New bike, no blues
randygrein at comcast.net
Sat Aug 16 10:19:26 PDT 2008
It's Alive! It's Alive!
Those who have been following the saga of Randy's messed up racebike
the past couple years will have an inkling of how great this is.
Hopefully it's all behind me now. With big assistance from Zoran, Dan
Zlock, Brett Prindle of Motobits and my endurance partner Damon Monwai
I was able to transform a pile of parts friday afternoon into a
functioning racebike by Sunday. The crappy silver paint job didn't
matter, the mistake in rearset mounts didn't matter - not even the
inconsistent tach reading could get me down. Nothing mattered but that
sweet Zlock prepared motor and the surprise that comes when the your
suspension settings are pretty much on after much guessing.
I won't detail all the stuff - a missed TPS plug, the aforementioned
rearset snafu, the thousand and one parts that developed legs between
teardown and assembly in a garage far too cluttered - let's just say
it's racing as usual. I missed Saturday's practice but the tight
schedule and usual accidents meant rescheduling 650 SS twins, so I got
my 3 full races. I got up at 6 to make the final fairing brackets and
change tires before hitting registration and tech - all done before
the riders meeting for the first time in years. A good sign.
First practice showed that Brent was correct about the footpegs being
too high. I could barely move around on the bike during practice, but
I was able to quickly get from medium slow to somewhere in the
ballpark in a few laps. I was gratified that 1:40s came quickly and
were passed, eventually settling in the low 1:39 range. Not bad for
practice when I'm this rusty. I came in early to switch the pegs
around and check on my son who has also had a run of bad luck with his
vintage bike. We had just enough time to switch them around before the
first race, 650 SS Twins.
Naturally I'm gridded 3rd row (not raced the class all year) but I
generally get good starts and 2nd row conveniently gridded to one
side, giving me a clean shot. When the light went out I got the
holeshot, moving past the entire 2nd row before the clutch was all the
way out; a competitor later said my front wheel was a foot off the
ground when I passed. I got lucky with a few passes around turn 1, and
entered turn 3 in third. That didn't last long and I settled in to a
close 5th place, concentrating on hanging on to the fast guys for the
first few laps. I was mostly successful until the red flag came out at
the end of the 3rd lap. 6th was nowhere in sight when I pulled over at
the busstop to chat with the other guys.
The restart didn't go so well. Officials had wanted to grid the
restart by place instead of the original grid, but couldn't make it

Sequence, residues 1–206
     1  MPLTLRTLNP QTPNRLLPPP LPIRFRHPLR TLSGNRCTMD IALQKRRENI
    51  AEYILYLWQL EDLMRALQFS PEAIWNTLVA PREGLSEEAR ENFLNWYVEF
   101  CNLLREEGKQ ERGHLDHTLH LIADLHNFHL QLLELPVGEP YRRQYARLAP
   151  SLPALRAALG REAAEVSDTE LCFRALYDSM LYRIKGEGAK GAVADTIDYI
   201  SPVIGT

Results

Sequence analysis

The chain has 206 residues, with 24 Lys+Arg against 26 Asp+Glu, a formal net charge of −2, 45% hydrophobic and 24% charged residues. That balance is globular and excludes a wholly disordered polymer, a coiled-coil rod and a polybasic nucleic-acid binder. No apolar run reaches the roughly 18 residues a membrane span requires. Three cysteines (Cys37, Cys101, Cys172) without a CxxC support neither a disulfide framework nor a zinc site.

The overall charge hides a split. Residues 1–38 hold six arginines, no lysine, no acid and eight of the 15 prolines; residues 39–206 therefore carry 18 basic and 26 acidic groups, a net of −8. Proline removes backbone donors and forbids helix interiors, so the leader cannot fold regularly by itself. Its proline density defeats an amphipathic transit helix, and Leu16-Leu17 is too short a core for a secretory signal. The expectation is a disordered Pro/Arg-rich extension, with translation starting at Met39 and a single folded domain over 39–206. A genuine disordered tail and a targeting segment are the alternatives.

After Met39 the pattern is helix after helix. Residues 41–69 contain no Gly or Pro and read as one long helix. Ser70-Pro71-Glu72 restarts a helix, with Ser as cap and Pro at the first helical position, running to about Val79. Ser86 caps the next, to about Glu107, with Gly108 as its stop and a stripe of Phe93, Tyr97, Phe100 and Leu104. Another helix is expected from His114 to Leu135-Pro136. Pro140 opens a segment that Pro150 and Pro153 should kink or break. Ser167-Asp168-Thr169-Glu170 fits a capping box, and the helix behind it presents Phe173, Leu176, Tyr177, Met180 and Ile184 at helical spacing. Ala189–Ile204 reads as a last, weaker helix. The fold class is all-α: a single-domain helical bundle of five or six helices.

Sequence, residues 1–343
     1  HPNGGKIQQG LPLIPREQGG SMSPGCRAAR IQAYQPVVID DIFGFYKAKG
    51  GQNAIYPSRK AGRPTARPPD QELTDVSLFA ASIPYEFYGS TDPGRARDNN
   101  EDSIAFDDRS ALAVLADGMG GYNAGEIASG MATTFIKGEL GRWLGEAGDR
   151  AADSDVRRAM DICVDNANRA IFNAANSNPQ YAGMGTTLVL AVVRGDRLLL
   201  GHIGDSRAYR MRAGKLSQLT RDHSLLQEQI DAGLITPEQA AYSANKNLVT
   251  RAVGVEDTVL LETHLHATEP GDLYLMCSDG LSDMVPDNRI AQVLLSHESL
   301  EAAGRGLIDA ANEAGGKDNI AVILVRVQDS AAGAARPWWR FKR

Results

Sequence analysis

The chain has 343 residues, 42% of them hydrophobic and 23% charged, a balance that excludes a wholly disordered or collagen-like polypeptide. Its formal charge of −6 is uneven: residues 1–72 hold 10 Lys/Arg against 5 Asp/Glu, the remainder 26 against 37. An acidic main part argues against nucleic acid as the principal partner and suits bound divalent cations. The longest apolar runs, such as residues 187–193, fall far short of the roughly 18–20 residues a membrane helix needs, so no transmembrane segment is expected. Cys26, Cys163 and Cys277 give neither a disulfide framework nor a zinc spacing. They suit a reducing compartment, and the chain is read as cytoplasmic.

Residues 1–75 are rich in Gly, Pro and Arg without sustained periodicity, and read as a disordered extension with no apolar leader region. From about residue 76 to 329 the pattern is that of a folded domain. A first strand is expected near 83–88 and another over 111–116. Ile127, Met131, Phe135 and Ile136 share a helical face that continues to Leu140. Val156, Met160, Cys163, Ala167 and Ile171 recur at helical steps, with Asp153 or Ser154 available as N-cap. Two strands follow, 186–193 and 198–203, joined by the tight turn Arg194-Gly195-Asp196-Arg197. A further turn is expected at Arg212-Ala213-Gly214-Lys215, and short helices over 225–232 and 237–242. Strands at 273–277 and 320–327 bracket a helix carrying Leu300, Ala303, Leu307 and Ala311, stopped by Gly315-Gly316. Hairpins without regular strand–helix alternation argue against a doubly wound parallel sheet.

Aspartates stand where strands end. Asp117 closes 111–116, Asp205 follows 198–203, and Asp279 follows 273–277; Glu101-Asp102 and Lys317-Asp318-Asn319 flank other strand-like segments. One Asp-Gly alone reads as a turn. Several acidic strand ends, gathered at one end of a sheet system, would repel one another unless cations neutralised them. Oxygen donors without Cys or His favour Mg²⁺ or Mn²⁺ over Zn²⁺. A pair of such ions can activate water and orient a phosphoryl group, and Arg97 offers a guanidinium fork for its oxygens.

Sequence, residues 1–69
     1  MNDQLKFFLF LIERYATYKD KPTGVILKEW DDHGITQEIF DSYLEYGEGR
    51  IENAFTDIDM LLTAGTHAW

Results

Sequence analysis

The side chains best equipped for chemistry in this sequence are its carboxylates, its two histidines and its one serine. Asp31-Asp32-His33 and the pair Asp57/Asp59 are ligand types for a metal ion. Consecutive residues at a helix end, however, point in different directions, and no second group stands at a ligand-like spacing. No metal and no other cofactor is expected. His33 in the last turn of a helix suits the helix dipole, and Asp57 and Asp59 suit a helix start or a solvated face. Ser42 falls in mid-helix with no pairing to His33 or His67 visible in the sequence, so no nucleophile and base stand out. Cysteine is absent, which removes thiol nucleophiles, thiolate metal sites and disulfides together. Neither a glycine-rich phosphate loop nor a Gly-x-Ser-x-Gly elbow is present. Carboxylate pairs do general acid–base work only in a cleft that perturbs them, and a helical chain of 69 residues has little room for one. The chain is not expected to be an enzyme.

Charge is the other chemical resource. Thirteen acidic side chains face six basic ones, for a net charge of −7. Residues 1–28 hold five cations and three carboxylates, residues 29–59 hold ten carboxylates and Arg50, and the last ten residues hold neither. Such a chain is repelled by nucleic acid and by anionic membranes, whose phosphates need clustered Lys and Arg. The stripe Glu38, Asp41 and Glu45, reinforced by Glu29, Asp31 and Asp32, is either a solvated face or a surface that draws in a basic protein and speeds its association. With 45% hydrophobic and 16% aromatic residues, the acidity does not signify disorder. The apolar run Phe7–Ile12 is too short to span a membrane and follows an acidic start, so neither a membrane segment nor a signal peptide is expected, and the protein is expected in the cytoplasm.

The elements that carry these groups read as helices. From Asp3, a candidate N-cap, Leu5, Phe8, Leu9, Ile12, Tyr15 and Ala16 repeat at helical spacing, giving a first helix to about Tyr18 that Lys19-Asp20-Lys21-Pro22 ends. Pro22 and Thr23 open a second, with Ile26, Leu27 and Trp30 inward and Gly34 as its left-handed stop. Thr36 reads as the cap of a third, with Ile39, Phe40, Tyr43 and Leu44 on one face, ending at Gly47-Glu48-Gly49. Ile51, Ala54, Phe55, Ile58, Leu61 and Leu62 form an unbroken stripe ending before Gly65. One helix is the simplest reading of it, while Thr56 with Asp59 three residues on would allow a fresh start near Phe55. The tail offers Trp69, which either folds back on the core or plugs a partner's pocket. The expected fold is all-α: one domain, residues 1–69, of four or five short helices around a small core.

happen. (Good thing too - good idea, but flat against the rulebook.)
So back to the third row I go. I tried to warn the guys in front that
I was likely to come through again, but the starter misinterpreted it
as a joke and didn't relay as requested. That's what I get for a
reputation as a joker! This time the start didn't go as well - my hole
in the 2nd row closed up enough to make blasting through dangerous, an
attempt to back off and pass outside in turn 1 was balked, and just
about everyone passed by the outside on turn 2. I got stuck behind
some slower riders and spent the next 2 laps trying to get by a pack
of 4 who seemed to miraculously anticipate my every move. The
frustration was intense but I wasn't about to punt myself AND another
rider off making a hairball pass for what I figured was 10th place,
and I watched the fast group disappear into the distance.
Finally an anger-fueled outside pass in 8-9 broke the group apart and
I put my head down to get some serious laps in, dropping from
frustrated 1:43s to 1:37s. Nobody was in sight ahead, I quickly left
the crew behind and circulated by my lonesome with only my lap timer
and an awesome new bike for entertainment. After the race I tried to
check my finish, but someone had apparently absconded with the sheet.
I was not to discover my 4th place finish until Monday. I did, however
discover my left knee and thigh and right hip were sore already.
Apparently nothing quite substitutes for hanging off a motorcycle.
The next two classes, Lightweight Superbike and middleweight GP Twins
were similar without the blockage problems. A faster group of riders
turning 1:35 or faster checked out leaving me to circulate on my own,
contemplating lines and the mistakes not racing much for a few years
cause. I slowed by a second in LW superbike trying too hard (for 8th)
and got it back in Middleweight GP for 7th, but was pretty wiped out
by the end of the day. The next couple of days I spent figuring out
what to do next race; there's 2 seconds a lap just in riding smoother
and easier - and I'll never last a 6 hour burning energy at that pace.
Best part was that I had not a bit of problem with the bike all day.
Big thanks to Zoran for help with the pipe and shock work, Dan Zlock
(yes, THAT Zlock) for the killer motor, my wife Lauri for buying me a
new bike, my son Justin for helping in the pits when he was having
such a crap day, Brent Prindle of MotoBits for better rearsets and
some clever ideas for fairing mounts. Also can't forget the other
sponsors - Lockhart Philips, Riders for Health and Performance
Coatings. It's great to be back!
Randy Grein, WMRRA #41
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